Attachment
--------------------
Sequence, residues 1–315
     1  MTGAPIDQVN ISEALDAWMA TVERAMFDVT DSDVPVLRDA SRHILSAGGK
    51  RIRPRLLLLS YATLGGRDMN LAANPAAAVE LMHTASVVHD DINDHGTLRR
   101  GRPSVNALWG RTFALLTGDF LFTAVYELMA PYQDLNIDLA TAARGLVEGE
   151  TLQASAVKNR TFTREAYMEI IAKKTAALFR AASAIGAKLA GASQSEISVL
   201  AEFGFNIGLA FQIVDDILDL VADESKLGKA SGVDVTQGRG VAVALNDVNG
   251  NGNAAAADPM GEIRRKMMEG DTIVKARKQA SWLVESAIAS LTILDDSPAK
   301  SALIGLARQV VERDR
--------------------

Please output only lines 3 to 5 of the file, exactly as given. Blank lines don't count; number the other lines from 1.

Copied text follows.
    51  RIRPRLLLLS YATLGGRDMN LAANPAAAVE LMHTASVVHD DINDHGTLRR
   101  GRPSVNALWG RTFALLTGDF LFTAVYELMA PYQDLNIDLA TAARGLVEGE
   151  TLQASAVKNR TFTREAYMEI IAKKTAALFR AASAIGAKLA GASQSEISVL